In interviews with Solitary Watch, former students cited the important skills they gained through their classes: written and verbal communication, critical thinking, and confidence in their academic capabilities. For many, the environment within classes was as influential as the course content itself. “School brought some humanity to prison,” said Jesse, who is continuing his studies at the University of Rochester this fall. “It’s a place where you’re not treated like an inmate, you’re treated like a student. You’re still in prison, but the inside of prison kind of fades away when you’re sitting in class. People care about your opinions; it’s like you have that voice that was taken away.”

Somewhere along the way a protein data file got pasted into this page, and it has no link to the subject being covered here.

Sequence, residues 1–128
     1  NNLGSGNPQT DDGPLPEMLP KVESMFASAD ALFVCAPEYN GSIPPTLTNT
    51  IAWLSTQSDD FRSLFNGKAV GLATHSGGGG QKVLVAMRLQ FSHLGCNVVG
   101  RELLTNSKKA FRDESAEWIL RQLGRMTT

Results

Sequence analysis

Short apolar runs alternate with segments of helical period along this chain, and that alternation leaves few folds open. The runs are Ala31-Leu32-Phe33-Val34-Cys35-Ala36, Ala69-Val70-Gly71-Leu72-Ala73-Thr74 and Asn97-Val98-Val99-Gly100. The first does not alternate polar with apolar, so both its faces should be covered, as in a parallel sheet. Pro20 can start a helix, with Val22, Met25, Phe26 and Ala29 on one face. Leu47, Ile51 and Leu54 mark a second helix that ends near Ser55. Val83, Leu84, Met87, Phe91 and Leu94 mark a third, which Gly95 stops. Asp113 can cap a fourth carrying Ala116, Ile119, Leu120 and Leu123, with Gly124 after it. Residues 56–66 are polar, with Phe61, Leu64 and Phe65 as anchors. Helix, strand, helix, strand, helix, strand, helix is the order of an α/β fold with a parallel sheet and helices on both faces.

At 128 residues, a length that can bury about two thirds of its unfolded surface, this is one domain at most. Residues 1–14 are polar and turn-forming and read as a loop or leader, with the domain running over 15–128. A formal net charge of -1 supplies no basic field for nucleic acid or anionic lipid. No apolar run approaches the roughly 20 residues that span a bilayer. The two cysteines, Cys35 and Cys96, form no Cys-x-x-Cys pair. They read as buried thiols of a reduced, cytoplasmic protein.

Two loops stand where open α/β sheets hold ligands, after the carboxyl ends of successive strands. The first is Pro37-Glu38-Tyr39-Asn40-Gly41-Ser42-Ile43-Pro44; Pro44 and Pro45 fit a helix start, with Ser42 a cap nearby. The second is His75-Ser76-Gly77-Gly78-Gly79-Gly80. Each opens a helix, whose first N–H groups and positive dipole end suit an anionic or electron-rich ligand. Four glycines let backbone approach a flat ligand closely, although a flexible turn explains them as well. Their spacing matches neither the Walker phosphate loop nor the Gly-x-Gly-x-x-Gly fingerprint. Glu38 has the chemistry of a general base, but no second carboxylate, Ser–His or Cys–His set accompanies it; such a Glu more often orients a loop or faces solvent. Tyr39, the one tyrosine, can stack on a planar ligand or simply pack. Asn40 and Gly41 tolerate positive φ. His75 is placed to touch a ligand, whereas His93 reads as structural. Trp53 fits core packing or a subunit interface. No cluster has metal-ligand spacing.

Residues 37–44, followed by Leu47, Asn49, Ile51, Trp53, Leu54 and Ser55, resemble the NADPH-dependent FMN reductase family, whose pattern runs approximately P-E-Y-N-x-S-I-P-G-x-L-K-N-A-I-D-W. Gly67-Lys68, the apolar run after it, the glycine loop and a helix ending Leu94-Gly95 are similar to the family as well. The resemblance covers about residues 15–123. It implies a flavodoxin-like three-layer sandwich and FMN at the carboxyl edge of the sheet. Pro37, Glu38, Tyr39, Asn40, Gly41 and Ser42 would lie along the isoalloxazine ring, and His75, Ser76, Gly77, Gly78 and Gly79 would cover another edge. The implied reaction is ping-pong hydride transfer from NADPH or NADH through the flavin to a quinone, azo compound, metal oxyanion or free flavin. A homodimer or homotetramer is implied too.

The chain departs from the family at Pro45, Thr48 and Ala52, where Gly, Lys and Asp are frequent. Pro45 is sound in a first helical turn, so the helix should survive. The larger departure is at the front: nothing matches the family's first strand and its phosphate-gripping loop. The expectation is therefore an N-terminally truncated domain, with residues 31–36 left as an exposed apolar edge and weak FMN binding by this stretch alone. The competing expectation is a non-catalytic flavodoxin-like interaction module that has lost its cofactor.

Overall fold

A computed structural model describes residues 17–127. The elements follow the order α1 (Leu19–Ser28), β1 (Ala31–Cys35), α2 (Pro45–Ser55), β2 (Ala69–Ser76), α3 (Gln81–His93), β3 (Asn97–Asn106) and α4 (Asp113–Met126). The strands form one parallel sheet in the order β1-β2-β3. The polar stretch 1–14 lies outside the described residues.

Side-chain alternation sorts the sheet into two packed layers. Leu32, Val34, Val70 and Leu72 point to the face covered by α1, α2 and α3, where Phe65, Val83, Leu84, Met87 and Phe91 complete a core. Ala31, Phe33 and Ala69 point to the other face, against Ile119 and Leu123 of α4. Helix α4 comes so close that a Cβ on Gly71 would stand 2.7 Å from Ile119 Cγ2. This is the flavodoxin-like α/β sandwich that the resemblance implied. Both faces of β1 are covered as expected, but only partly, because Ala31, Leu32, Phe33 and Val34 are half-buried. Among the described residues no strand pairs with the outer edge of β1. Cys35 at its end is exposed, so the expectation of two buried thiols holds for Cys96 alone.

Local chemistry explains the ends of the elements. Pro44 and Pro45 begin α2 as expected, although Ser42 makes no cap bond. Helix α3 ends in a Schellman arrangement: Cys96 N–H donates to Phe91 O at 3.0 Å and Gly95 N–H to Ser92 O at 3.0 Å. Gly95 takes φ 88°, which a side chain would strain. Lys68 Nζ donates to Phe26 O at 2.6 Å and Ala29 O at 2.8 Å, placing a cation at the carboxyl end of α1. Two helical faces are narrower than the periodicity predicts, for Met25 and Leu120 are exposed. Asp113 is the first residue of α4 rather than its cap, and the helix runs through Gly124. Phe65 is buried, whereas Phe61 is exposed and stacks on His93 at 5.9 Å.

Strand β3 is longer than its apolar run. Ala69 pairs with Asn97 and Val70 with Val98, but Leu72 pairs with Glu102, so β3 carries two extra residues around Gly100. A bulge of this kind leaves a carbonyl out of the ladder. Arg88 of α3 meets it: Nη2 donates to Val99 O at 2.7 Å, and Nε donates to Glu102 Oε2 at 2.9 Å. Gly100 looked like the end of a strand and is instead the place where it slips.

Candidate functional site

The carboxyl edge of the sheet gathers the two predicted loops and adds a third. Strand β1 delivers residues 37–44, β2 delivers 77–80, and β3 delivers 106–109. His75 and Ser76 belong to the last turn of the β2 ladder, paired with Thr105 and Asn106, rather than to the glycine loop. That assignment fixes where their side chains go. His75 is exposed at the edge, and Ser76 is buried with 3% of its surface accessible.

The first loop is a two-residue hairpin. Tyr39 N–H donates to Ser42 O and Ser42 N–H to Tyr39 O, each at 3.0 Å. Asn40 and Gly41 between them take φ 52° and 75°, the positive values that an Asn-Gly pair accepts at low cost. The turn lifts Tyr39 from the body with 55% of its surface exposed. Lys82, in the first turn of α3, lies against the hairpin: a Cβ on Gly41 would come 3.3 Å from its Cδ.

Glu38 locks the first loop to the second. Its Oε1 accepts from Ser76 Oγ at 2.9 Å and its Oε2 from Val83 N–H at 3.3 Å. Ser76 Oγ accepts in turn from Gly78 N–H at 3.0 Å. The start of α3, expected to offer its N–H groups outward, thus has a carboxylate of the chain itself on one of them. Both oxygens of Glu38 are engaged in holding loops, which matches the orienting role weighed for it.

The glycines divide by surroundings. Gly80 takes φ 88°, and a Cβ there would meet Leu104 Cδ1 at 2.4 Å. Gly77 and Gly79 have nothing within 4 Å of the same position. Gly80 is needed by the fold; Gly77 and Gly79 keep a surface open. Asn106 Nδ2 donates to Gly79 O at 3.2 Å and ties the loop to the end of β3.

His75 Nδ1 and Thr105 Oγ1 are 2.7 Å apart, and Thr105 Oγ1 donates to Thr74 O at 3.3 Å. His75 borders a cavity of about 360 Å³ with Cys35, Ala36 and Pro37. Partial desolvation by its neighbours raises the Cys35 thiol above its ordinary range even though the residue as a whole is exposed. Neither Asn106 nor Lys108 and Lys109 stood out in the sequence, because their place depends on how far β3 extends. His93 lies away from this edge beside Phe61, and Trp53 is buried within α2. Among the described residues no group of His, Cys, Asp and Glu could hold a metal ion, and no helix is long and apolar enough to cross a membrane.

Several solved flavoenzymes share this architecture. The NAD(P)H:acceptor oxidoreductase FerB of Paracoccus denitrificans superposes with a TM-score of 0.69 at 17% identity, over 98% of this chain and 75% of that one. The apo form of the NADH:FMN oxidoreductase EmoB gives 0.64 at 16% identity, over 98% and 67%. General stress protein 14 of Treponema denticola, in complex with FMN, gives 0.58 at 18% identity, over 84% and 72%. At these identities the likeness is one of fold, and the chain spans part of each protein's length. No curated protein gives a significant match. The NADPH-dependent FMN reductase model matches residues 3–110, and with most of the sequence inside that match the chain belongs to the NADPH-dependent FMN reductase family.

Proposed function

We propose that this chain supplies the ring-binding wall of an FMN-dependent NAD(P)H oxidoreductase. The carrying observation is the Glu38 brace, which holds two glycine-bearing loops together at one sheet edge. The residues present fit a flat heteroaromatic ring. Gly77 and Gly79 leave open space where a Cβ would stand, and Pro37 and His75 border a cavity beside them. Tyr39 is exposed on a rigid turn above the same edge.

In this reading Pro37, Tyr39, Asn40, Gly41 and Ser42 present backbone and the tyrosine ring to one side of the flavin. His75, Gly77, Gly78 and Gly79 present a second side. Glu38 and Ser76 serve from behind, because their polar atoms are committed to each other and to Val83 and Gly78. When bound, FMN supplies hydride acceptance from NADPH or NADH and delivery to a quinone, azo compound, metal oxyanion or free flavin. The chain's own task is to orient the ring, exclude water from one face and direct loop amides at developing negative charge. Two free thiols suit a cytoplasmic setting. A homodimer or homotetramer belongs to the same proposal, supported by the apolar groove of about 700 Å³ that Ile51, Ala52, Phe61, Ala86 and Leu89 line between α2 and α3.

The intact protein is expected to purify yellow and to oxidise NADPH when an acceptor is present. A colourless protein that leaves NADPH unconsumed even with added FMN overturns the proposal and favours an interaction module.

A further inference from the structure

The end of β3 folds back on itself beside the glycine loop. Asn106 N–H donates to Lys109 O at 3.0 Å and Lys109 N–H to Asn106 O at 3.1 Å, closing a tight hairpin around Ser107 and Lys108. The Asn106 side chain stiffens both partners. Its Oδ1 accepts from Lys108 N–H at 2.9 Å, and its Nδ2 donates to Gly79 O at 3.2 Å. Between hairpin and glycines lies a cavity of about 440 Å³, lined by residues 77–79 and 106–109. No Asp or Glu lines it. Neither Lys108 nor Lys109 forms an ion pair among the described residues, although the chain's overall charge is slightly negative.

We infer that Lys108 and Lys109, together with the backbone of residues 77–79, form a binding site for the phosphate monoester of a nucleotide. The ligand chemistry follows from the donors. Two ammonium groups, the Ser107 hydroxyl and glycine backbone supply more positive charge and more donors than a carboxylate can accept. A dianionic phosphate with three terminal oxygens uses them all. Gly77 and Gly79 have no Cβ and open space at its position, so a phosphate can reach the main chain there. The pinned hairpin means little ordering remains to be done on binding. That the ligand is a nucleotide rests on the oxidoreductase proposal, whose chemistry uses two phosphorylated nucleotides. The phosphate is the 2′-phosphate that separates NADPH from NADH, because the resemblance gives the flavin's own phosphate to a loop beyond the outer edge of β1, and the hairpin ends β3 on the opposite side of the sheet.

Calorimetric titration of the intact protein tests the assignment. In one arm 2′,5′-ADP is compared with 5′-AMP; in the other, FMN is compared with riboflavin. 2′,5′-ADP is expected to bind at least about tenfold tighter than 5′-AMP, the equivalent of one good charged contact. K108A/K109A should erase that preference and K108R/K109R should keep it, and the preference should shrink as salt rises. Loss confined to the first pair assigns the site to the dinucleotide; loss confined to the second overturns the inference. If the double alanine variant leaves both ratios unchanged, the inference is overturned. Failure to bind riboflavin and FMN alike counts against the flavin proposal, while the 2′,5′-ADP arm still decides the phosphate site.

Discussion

Higher education programs in prisons were limited in funding and scope until Pell grants were introduced nationally in 1972 to help low-income students pay for college. Two years later, New York introduced its own supplemental Tuition Assistance Program (TAP). Pell and TAP grants allowed postsecondary education programs to expand into almost every prison in New York State. But this changed rapidly when the 1994 federal Violent Crime Control and Law Enforcement Act banned incarcerated students from receiving Pell grants, and New York State followed suit with TAP the following year. Between 1995 and 1996, the number of incarcerated students in New York dropped from 3,445 to 256, while the number of college programs shrank from 25 to 4.